• Middle: a lowercase character appears somewhere in the middle of the string
  • Last: a lowercase character appears as the last character in the string
  • Zero: an empty string
  • One: a string of one character
  • Many: a string of many characters

Obviously, this list is not exhaustive, but it’s a great start.

For completeness, I’ll share how I’d write those tests as well. Assuming the example file from before (i.e. roll_your_own.py), we can create a test file in the same folder called test.py. The test file should like as follows:

import unittest
import importlib

roll_your_own = importlib.import_module("roll_your_own")

class TestUpper(unittest.TestCase):

  def test_upper_first(self):
    self.assertEqual(roll_your_own.upper("aPPLE"), "APPLE", "Failed to uppercase 'a' in 'aPPLE'")

  def test_upper_middle(self):
    self.assertEqual(roll_your_own.upper("ApPLe"), "APPLE", "Failed to uppercase 'p' in 'ApPLE'")

  def test_upper_last(self):
    self.assertEqual(roll_your_own.upper("APPLe"), "APPLE", "Failed to uppercase 'e' in 'APPLe'")

  def test_upper_zero(self):
    self.assertEqual(roll_your_own.upper(""), "", "Failed to return empty string unchanged")

  def test_upper_one(self):
    self.assertEqual(roll_your_own.upper("a"), "A", "Failed to uppercase a single letter")

  def test_upper_many(self):
    self.assertEqual(roll_your_own.upper("how now brown cow"), "HOW NOW BROWN COW", "Failed to uppercase many letters")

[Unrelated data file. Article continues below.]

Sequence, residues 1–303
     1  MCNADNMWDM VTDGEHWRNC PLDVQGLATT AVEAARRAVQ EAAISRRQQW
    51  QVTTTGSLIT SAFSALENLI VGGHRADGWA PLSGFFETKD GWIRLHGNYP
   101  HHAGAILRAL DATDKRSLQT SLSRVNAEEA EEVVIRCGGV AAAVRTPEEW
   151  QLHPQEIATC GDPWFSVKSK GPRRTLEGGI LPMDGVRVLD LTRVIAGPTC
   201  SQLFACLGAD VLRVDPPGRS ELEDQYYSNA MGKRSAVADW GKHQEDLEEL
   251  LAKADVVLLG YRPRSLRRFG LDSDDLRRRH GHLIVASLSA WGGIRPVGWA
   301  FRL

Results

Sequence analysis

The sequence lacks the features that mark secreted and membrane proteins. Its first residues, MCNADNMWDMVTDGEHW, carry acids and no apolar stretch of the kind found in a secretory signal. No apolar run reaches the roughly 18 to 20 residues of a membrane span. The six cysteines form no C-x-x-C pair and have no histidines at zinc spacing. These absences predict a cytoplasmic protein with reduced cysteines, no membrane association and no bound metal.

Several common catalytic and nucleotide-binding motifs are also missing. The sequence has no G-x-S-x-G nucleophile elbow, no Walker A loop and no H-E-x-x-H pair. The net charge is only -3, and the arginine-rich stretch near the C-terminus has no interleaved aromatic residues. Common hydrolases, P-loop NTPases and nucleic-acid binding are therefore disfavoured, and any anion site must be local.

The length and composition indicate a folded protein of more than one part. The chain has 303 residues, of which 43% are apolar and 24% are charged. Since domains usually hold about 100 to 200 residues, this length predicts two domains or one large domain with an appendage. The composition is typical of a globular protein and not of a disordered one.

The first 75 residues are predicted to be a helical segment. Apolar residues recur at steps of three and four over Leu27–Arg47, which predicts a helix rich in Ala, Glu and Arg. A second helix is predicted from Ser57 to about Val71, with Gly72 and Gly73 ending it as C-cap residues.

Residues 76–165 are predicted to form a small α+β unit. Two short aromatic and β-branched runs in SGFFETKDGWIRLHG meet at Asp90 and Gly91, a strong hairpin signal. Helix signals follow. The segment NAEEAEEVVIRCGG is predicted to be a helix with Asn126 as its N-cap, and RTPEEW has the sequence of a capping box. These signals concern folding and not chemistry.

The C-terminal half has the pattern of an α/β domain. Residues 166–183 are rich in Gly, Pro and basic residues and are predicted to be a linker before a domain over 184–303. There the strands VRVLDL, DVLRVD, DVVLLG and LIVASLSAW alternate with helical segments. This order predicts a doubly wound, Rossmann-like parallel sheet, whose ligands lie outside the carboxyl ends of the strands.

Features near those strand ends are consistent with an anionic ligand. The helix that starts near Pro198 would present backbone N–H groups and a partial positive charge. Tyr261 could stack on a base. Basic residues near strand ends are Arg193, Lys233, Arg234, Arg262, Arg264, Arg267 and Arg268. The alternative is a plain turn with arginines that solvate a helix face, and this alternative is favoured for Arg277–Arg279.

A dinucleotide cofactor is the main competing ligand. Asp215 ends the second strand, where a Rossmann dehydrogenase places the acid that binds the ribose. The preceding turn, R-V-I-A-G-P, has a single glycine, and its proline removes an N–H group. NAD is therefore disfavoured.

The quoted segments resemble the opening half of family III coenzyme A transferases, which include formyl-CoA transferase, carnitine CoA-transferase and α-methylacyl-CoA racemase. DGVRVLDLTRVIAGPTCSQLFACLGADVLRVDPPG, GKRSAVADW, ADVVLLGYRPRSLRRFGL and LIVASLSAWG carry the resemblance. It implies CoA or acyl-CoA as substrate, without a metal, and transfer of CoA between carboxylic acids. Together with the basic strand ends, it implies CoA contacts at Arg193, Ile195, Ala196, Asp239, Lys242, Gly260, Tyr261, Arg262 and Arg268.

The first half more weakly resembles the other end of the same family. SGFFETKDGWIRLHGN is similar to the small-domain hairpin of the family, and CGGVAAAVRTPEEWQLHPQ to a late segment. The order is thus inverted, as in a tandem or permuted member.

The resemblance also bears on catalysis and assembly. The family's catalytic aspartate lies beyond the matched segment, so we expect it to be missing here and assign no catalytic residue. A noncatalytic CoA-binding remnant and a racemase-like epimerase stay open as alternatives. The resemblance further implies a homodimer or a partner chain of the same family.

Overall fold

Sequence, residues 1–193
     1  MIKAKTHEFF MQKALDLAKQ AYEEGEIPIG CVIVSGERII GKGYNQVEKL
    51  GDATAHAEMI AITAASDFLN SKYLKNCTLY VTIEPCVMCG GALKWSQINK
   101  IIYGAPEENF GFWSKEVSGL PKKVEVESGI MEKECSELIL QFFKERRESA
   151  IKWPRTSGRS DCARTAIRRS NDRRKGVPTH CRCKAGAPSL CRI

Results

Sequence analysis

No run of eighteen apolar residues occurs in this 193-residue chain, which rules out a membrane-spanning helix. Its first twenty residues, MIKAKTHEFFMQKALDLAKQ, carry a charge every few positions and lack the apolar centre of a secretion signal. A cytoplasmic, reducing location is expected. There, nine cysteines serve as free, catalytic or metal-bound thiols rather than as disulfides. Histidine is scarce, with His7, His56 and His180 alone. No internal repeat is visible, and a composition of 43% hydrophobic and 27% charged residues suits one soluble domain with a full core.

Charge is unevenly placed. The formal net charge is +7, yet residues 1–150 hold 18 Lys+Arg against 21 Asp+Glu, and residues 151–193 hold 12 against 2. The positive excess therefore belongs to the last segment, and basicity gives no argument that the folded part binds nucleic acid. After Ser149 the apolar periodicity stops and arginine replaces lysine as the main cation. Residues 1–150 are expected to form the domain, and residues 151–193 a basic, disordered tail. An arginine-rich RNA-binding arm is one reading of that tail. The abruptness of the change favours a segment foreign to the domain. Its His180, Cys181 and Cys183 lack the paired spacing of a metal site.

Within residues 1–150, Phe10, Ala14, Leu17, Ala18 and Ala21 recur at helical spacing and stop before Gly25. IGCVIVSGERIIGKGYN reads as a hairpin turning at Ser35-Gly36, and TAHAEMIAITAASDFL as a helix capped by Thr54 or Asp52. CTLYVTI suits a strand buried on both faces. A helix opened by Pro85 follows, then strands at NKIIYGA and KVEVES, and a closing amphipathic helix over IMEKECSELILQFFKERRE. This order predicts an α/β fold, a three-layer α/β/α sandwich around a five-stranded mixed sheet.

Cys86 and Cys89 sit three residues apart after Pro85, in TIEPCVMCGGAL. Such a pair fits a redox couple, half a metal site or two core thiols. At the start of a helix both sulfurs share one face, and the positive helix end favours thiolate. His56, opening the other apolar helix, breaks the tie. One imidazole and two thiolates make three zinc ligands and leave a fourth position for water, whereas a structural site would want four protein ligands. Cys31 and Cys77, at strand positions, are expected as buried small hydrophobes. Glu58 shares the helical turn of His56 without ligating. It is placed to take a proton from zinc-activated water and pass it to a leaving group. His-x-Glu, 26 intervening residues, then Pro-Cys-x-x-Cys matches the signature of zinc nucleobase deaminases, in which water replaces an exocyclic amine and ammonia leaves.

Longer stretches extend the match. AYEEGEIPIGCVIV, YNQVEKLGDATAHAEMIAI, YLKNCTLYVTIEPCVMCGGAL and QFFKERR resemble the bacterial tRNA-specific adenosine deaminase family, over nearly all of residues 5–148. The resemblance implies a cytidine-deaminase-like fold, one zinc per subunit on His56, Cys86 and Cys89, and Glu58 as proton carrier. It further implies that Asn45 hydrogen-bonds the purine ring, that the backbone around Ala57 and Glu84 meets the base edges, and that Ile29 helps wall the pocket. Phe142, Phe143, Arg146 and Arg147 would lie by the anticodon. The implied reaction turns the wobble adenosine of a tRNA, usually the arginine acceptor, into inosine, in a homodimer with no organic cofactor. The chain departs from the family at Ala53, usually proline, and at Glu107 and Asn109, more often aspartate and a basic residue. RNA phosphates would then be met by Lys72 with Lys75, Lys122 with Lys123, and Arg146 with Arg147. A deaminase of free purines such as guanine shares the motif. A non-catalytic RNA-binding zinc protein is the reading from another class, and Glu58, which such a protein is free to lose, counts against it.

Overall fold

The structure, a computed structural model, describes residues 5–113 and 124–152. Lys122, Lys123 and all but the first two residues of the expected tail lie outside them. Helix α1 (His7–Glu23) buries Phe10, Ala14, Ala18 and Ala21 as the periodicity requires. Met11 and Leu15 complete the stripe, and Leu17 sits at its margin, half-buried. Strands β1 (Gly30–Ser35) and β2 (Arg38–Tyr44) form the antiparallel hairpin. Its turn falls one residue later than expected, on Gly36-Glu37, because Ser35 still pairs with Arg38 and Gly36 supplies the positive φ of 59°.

if __name__ == '__main__':
  unittest.main()

And to be sure the testing works, we should see something like the following when we run it:

FFFFFF
======================================================================
FAIL: test_upper_first (__main__.TestUpper)
----------------------------------------------------------------------
Traceback (most recent call last):
  File "C:\Users\jerem\Downloads\test\test.py", line 9, in test_upper_first
    self.assertEqual(roll_your_own.upper("aPPLE"), "APPLE", "Failed to uppercase 'a' in 'aPPLE'")
AssertionError: None != 'APPLE' : Failed to uppercase 'a' in 'aPPLE'

======================================================================
FAIL: test_upper_last (__main__.TestUpper)
----------------------------------------------------------------------
Traceback (most recent call last):
  File "C:\Users\jerem\Downloads\test\test.py", line 15, in test_upper_last
    self.assertEqual(roll_your_own.upper("APPLe"), "APPLE", "Failed to uppercase 'e' in 'APPLe'")
AssertionError: None != 'APPLE' : Failed to uppercase 'e' in 'APPLe'

======================================================================
FAIL: test_upper_many (__main__.TestUpper)
----------------------------------------------------------------------
Traceback (most recent call last):
  File "C:\Users\jerem\Downloads\test\test.py", line 24, in test_upper_many
    self.assertEqual(roll_your_own.upper("how now brown cow"), "HOW NOW BROWN COW", "Failed to uppercase many letters")
AssertionError: None != 'HOW NOW BROWN COW' : Failed to uppercase many letters

======================================================================
FAIL: test_upper_middle (__main__.TestUpper)
----------------------------------------------------------------------
Traceback (most recent call last):
  File "C:\Users\jerem\Downloads\test\test.py", line 12, in test_upper_middle
    self.assertEqual(roll_your_own.upper("ApPLe"), "APPLE", "Failed to uppercase 'p' in 'ApPLE'")
AssertionError: None != 'APPLE' : Failed to uppercase 'p' in 'ApPLE'

======================================================================
FAIL: test_upper_one (__main__.TestUpper)
----------------------------------------------------------------------
Traceback (most recent call last):
  File "C:\Users\jerem\Downloads\test\test.py", line 21, in test_upper_one
    self.assertEqual(roll_your_own.upper("a"), "A", "Failed to uppercase a single letter")
AssertionError: None != 'A' : Failed to uppercase a single letter